I always get nervous when I hear the word test.  It gives me a headache, which in turn empties my brain of everything I know on the  subject, rendering me officially in panic mode!

But if only I had more tests like this when I was at school, perhaps I would be less logophobic now as the subject of today’s blog is a test that is not on what you already know but what you don’t and are going to learn.


Now, I don’t think that counts as an oxymoron but maybe you should read on and then put my mind at ease at the end when you are more than welcome to, in fact you’re invited to, give feedback and leave comments…

O.K, now, because I think the word ‘testing’ sounds very clinical and scary, I’m going to put it another way say that in this blog you will learn about ‘experimenting’, or, if you prefer, finding ways to do things better and constantly improving.

Right, so why would you want to run a test in marketing?  The purpose of running  a test is to determine whether changing methods, variables and components of your communication will have a direct affect on the results of your activity or campaign.

If we never tested things, pushed the limits and boundaries, or changed things we would stand still. All companies and individuals test on a daily basis. Whether it is a new product, a new price, promotion or a new market, we are constantly testing without even being aware of it sometimes. But testing is not just throwing a dart at a dartboard and seeing where it lands, there is a lot more to it and a lot of fundamentals to consider.

Firstly identify the aims of your test, e.g. why are you going to change something and what do you want to prove?

  • Is it to get more sales?

  • Increase average spend?

  • Get more email sign ups?

  • Will it determine whether different channels give different results?

Do you think changing one aspect will bring you closer to this aim as opposed to another? Identify the objective so you can then compare to see if your test was successful but don’t forget to take note of the before results and where you stand so that you can compare them to the results you get from changing something..

Now you need to think about what you are going to change and therefore test.  The most common things to change and test are creative, message, channel and offer.  And online people tend to test things like different subject headers, calls to action (buy now versus add to basket)  and even the colour of the ‘click now’ buttons.  Choose what you are going to test based on your objective.

The best practice when carrying out a test is known as AB Test.  This simply means that you split your marketing material into two but only change one half of it. This way you can easily analyse the effect of the change.   But remember to only change one thing at a time, this is very important.  You only ever change one variable at a time as if you change more than one you won’t know which caused the change in performance.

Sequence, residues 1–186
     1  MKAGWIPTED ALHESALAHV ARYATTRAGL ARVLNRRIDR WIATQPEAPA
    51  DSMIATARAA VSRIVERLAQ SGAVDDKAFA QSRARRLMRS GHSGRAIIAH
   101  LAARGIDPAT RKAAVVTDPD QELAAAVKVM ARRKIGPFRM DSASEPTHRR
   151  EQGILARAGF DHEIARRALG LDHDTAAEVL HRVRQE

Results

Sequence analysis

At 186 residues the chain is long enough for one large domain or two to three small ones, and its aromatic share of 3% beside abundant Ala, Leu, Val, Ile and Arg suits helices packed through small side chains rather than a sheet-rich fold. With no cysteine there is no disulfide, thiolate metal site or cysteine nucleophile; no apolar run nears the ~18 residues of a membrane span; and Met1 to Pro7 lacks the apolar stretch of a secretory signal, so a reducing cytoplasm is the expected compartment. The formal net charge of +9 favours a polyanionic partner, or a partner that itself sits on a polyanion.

For example,  I have just sent an email and changed the subject header and the time that I normally send it.  More people open it but which change caused this to happen?  Was it the subject header changing or the time that I sent it?  Because more than one thing was changed you can only guess now…

Now, here is a question I bet you are dying to know the answer to…how do you pick your audience?

The  selection of people you choose should be random,  and the best way to randomise your choice is to take a similar data set and audience and randomly split it  I wouldn’t recommend doing it by alphabetical order or by another metric, simply split it. Also, you have to compare apples with apples, not apples with oranges and therefore must send your test to the same audience and not two different types of customers i.e. new and returning.

To get the best and most thorough results, testing has to be a constant thing. Some work, and some don’t!

Lastly it is important to review your results. What was the impact of your test? Did it work? If so, then the new changed and tested format becomes your basis for your next test. If it didn’t work or had a negative impact then revert to your previous best performer. This know as the control. Some tests will yield a huge increase, and some only very small increases. However over time incremental small increases can soon add up to be significant so constant testing is key!

If all this sounds a little confusing, don’t worry, we can help you put together a basic test plan and support you until you are comfortable to fly the test nest, plus, there are some great programmes available that you can plug in to your site, Optimizely! is one, check it out.

Next week we will look at gathering customer data and how the cool cats do it! In the meantime please remember to give me your comments.

How to plan and run a marketing test
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